Boston police department is probing a case of an Uber driver that denied giving service to a blind woman due to her service dog before dragging her blind boyfriend on the street after his hand got stuck in the car window.
Melissa Garside and her boyfriend Richard Welch, two legally blind, were standing outside their home in Boston waiting for the arrival of an Uber when the driver arrived, and saw her service dog,
rolled down the window, and said: "no dogs."
The couple is familiar with the Americans with Disabilities Act, they told Uber driver, known as Allen, that it was illegal for him to refuse the ride because of Garside’s service dog, Theo.
That is When Welch arrives at the Toyota Camry, they open the back door so that Garside and her dog can enter. The driver quickly rolled up the window and speed, up and hurried, grabbing Welch's hand. He was dragged 10 to 15 feet before falling into the street.
After the incident, the couple contacts Boston police investigating the ride-sharing app, which they call "assault and tight battery on the disabled person" after Welch got injured that requires a visit to the hospital and stitches to his hand.
Uber immediately disqualified the driver and removed his access to the famous ride-sharing app, saying in a statement, "We are sorry to hear this report, and we are reaching out to check the welfare of passengers." Drivers are expected to accommodate riders with service animals and comply with all accessibility laws.”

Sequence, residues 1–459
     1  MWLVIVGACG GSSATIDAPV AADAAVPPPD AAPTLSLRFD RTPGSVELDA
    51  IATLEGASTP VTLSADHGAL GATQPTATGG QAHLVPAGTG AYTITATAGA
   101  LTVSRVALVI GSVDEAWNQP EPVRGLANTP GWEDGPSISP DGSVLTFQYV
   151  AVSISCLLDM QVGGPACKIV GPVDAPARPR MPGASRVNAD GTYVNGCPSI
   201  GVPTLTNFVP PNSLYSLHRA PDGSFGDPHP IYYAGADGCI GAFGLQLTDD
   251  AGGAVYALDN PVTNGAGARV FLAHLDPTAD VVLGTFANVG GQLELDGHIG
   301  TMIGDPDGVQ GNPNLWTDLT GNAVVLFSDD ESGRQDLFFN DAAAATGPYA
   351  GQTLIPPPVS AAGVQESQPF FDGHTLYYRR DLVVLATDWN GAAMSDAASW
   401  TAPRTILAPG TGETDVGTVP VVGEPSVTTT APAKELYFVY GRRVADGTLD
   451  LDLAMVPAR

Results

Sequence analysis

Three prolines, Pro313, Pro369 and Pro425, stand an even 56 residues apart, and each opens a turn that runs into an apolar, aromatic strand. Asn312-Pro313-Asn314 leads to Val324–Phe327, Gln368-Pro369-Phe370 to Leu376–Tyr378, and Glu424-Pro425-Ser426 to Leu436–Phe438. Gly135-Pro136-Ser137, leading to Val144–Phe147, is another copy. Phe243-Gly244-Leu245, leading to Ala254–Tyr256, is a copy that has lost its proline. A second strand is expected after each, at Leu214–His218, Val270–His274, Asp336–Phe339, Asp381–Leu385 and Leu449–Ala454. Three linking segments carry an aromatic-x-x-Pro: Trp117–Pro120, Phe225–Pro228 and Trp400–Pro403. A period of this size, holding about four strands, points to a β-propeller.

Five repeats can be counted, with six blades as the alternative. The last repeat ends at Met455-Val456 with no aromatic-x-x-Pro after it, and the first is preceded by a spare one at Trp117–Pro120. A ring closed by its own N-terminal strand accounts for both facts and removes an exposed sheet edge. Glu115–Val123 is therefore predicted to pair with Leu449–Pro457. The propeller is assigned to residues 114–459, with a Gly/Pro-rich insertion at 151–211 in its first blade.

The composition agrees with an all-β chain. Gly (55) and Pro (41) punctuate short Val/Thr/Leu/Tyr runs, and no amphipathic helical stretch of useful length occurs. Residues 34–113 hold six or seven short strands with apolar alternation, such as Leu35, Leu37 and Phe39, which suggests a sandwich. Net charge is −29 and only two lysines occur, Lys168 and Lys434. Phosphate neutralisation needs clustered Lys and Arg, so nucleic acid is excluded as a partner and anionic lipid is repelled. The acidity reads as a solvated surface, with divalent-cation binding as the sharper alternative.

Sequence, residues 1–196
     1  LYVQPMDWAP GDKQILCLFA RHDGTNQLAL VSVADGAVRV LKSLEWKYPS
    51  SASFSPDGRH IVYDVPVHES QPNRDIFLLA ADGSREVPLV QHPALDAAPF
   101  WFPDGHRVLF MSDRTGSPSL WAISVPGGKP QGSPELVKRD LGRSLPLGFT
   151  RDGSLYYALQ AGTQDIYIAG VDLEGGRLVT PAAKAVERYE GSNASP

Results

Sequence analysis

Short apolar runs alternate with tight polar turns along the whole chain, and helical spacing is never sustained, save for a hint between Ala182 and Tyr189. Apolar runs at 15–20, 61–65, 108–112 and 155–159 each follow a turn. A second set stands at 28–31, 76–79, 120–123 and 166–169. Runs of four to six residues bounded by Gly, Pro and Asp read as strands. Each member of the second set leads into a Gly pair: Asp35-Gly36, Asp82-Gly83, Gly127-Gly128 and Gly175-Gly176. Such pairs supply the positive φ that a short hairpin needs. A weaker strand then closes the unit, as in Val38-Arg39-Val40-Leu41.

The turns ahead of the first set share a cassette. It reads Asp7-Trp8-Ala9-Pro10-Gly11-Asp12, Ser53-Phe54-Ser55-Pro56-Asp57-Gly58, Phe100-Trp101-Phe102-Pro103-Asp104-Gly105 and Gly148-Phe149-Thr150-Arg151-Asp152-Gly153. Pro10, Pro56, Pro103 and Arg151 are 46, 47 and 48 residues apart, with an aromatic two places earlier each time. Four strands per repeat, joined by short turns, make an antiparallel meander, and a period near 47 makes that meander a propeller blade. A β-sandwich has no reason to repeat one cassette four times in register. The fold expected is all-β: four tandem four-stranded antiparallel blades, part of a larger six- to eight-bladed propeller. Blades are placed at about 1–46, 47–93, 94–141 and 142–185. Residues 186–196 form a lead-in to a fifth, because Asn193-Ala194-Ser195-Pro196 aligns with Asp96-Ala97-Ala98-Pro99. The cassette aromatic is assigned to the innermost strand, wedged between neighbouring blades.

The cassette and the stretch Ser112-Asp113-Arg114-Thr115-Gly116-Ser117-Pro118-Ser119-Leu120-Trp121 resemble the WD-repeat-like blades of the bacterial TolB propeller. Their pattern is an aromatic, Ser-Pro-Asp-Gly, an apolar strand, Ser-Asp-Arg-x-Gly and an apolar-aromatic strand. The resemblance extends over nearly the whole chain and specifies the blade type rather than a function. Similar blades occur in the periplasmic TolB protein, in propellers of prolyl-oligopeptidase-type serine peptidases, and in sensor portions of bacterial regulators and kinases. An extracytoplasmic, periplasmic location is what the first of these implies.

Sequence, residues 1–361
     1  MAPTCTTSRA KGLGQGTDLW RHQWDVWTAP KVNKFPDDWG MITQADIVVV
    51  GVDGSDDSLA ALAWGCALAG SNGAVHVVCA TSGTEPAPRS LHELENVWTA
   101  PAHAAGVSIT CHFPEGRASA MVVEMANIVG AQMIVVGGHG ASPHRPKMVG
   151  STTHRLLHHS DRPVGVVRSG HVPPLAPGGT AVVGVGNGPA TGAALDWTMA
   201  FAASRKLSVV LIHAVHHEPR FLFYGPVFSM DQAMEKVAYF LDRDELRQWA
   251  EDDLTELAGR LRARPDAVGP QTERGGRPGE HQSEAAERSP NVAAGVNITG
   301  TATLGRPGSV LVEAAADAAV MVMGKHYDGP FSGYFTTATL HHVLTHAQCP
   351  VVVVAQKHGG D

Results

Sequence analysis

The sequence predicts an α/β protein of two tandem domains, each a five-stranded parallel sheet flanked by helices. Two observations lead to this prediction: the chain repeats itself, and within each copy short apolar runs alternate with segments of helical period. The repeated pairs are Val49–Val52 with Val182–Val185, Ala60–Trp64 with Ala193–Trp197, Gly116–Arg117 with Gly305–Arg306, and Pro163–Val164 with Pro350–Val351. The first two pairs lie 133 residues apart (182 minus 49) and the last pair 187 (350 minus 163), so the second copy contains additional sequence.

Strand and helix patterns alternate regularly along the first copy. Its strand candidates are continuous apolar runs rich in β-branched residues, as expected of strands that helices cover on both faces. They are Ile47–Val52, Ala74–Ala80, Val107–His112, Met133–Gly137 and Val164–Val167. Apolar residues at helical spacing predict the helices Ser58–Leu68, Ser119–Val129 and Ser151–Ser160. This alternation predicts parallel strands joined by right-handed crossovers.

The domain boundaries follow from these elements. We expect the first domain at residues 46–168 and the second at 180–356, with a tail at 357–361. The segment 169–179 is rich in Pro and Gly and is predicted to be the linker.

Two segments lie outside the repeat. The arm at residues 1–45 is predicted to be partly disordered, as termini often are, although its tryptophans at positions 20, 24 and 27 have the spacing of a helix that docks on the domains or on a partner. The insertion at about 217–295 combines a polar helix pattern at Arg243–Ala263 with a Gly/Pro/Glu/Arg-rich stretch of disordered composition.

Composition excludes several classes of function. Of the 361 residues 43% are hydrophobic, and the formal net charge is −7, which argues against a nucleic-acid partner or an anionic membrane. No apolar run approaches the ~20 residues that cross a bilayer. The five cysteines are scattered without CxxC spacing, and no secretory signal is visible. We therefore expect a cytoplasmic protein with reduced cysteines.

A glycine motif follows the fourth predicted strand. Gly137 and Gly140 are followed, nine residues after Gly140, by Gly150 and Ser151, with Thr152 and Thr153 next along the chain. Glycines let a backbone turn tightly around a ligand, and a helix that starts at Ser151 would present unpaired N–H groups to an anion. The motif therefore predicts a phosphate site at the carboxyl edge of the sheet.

Uber states that all drivers must agree to transport service animals as part of their contract with the company and that they prohibit any discrimination against disabled users. Drivers are reminded of their commitment to transport disabled passengers and service dogs in quarterly reminders.
However, Garside and Welch say that Uber does not do enough to ensure that drivers follow the rules. Garside told The Daily Mail that at least a third of her travel requests were rejected because of his dog. "I just want to be able to take a trip like any other." I do not have time to ask for four or five before you agree to take me. "